Anyone lucky enough to gain entry to the Melbourne version of Heston Blumenthal’s famous Fat Duck restaurant next year may be surprised (and possibly a little alarmed) to learn that they’ll be consuming the equivalent of 1050 meals during their sitting.
But before you start having visions of Monty Python’s Mr Creosote (the obese man in The Meaning of Life, who eats an enormous amount of food at a restaurant then explodes spectacularly all over the other diners), I’m not talking about actual meals here.
No, 1050 is the number of meals that the Melbourne food charity I run, FareShare, could make for $525 — the minimum cost of a seat at the Fat Duck (wine will be extra).
FareShare cooks a million meals a year in our Abbotsford kitchen, with the help of 600 volunteers.
The meals cost just 50 cents each to produce, partly because they are made from surplus food donated by supermarkets, restaurants and other businesses, before being distributed to 300 agencies around the state.
Before last week it hadn’t even occurred to me to compare the cost of our meals, with those at the Fat Duck. We make honest, nutritious fare such as beef stroganoff, butter chicken and asparagus quiches, while Blumenthal creates wondrous gastronomic experiences that reportedly take years to test and develop.
Melbourne seems to have gone into meltdown in recent times over Blumenthal’s impending arrival, with reports that Crown (where the Fat Duck will set up a temporary home) has received more than 40,000 inquiries from Heston’s local fans wanting to maximise their chances of getting a table.
And not even a large wad of cash will guarantee you get in. Prospective diners were forced to enter a ticket ballot to experience 12-15 courses of what promises to be a mind-blowing food extravaganza. (When the ballot opened, the rush to apply caused its website to crash for 20 minutes).
But Ann Bandham is having none of it. Last week we received an email from the former FareShare volunteer, who thinks the price is exorbitant and, in response, decided to lodge her own protest: “I’m feeling sort of astounded that people (including someone I know well) are going into a ballot to be allowed to pay $525 each to dine at Heston Blumenthal’s Fat Duck … I was thinking what FareShare could do with this money … so I am putting my money where my mouth is. I would like to donate $525 to FareShare.”
Let me be clear: I think Blumenthal’s decision to come to Melbourne (New York, Dubai, St Tropez and Las Vegas were among the other possible locations on his shortlist) is a wonderful thing for this city and its restaurant industry, which has been a huge supporter of FareShare. And if you want to pay $525, plus $200-plus for matching wines, for a once-in-a-lifetime culinary experience, that’s entirely understandable. It’s your money, after all. You can spend it however you see fit.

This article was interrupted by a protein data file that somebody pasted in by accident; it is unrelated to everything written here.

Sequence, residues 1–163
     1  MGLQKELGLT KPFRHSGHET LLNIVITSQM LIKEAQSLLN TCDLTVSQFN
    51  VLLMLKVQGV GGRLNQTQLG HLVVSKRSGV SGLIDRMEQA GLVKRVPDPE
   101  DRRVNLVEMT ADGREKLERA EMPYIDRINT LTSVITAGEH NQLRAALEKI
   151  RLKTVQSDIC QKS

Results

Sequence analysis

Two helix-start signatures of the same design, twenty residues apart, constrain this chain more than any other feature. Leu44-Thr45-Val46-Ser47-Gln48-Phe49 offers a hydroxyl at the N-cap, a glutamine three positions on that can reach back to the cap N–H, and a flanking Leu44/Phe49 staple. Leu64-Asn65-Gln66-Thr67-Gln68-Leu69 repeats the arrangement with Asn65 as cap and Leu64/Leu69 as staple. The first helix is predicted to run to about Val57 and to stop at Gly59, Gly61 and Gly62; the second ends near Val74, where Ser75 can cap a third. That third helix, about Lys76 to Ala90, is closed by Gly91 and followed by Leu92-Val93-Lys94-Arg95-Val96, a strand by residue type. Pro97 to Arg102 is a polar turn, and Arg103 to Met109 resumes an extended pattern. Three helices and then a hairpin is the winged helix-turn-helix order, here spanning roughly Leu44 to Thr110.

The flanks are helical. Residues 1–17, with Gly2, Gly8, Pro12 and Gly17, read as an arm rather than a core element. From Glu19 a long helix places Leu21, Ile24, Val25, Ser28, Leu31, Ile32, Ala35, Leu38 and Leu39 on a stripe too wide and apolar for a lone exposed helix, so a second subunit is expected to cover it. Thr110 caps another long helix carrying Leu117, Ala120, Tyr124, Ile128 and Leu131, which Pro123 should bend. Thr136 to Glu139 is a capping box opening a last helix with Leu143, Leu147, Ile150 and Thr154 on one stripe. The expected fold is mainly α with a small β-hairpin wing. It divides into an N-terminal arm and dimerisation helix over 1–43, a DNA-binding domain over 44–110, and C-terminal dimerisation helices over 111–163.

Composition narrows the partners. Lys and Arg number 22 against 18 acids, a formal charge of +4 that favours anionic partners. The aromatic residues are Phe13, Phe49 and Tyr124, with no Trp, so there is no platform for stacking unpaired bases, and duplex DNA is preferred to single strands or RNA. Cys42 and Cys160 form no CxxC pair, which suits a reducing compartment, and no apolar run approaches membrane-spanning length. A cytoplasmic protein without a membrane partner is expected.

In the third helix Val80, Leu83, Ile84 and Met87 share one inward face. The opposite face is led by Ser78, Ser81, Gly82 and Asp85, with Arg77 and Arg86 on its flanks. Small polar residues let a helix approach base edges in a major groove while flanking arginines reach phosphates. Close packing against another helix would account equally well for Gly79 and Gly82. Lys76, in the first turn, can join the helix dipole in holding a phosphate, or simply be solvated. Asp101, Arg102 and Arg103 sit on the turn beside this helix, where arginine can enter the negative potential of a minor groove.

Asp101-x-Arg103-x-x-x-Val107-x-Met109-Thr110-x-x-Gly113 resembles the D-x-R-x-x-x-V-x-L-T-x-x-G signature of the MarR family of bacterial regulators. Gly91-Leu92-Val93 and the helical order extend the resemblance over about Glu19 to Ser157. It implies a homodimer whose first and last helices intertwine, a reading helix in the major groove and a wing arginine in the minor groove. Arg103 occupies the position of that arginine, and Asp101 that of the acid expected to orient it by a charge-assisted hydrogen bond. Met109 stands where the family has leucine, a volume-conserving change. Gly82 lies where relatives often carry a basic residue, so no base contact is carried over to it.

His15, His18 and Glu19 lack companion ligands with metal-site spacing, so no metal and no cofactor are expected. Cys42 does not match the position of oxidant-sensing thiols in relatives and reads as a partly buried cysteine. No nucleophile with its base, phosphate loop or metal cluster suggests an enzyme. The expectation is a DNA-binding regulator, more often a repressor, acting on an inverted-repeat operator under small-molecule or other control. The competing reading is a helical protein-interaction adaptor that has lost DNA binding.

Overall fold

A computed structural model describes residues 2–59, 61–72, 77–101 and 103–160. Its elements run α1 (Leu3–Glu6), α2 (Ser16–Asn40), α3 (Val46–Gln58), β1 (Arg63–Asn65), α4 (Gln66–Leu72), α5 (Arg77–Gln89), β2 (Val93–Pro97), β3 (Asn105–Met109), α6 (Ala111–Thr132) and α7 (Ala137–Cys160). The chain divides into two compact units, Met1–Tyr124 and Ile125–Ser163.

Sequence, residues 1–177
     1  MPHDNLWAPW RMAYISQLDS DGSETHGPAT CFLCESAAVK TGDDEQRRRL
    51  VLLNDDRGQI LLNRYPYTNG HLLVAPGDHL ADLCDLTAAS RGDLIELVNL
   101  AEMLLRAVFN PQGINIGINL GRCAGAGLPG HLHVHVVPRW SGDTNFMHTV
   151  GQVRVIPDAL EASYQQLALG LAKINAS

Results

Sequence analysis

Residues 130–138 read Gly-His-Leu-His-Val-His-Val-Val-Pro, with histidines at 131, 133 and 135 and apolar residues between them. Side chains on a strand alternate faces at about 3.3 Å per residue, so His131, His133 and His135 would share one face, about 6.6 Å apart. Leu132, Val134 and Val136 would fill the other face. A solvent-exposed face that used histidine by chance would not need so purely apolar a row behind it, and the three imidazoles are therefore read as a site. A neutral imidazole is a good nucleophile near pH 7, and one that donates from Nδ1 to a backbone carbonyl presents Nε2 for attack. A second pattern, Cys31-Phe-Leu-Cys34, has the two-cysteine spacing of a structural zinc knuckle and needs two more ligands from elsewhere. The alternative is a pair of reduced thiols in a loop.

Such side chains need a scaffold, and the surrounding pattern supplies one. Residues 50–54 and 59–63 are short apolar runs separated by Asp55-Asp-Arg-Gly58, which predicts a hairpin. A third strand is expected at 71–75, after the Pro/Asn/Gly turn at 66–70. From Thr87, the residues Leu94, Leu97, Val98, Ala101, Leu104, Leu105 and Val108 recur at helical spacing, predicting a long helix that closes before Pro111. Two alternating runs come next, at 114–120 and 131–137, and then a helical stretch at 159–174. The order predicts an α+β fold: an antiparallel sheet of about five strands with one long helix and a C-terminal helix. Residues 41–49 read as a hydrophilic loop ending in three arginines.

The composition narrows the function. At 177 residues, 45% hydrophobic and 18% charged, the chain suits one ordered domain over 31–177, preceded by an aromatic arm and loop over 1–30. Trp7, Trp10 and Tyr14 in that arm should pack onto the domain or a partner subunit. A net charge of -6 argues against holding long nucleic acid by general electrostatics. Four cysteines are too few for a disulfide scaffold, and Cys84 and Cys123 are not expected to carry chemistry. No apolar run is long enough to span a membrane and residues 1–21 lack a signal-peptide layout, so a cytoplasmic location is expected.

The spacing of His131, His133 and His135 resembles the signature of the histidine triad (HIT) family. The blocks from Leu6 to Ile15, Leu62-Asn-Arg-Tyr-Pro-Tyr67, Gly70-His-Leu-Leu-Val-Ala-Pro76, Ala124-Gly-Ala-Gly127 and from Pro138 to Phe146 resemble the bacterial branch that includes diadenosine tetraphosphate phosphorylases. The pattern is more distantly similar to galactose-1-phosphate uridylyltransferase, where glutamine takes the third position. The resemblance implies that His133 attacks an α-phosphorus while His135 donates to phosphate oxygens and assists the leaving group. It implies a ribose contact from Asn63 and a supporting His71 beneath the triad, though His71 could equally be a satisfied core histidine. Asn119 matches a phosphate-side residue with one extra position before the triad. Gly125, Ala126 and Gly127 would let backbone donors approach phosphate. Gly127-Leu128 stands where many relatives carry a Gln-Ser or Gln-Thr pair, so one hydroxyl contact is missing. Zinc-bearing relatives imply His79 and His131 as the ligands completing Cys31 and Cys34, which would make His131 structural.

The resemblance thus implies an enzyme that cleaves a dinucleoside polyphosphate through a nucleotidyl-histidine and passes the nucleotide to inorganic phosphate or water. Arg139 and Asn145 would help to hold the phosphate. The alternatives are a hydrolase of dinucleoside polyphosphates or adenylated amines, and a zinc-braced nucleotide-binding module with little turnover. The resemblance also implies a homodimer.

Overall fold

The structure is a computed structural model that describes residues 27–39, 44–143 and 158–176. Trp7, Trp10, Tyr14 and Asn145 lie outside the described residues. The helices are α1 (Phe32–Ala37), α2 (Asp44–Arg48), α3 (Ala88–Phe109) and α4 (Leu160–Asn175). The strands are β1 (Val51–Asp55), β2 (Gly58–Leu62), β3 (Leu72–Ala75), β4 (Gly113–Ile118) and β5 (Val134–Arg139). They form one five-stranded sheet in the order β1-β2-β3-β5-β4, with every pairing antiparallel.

And it’s not like Blumenthal is unaware of the need to give back to the community during his time here. He’s donated tickets to three deserving charities (Magpie Nest, Starlight Foundation and Snowdome) for the Fat Duck’s coveted chef’s table to auction off for fundraising.
But it’s equally true that Blumenthal’s decision to choose our city is also an opportunity to have a conversation about food and hunger in our own backyard.
It still comes as a surprise to many Australians that hunger is not just something that affects people in the poorer countries of the world. Official statistics show more than 370,000 Victorians go without meals or are food insecure each year while charity Foodbank Australia says that each year 2 million Australians seek help to eat, with about half being children.
And if you think this only affects the homeless or the destitute, think again. Many of those going hungry have jobs and homes — they could be living next door. Just ordinary people who have experienced hardship or an extraordinary event and have to start (either temporarily or permanently) viewing food as a discretionary spending item.
If you’re one of the lucky people chosen in the Fat Duck ballot, when you’re enjoying your snail porridge or Sound of the Sea (a dish that comes with its own iPod) there’s no point in feeling even a little bit guilty. You’re not taking food away from the mouth of a needy person. But maybe, between the 11th and 12th course, you could pause for a moment to reflect on the fact that there are people living in the same city as you, who wake up each day not sure where their next meal is coming from.
And for those who miss out on the ballot, I’d never say you should go as far as Ann Bandham and give the $525 you hoped to spend to a Victorian food charity like FareShare, SecondBite or Foodbank. Instead, what about this for an idea: Book the 10-course degustation at Melbourne’s internationally-renowned Vue De Monde for $250 and donate the difference ($275) to help feed the needy. If that money came to FareShare, you’d be paying for 550 meals. I reckon that would give you just as good a feeling as eating snail porridge. Maybe even better.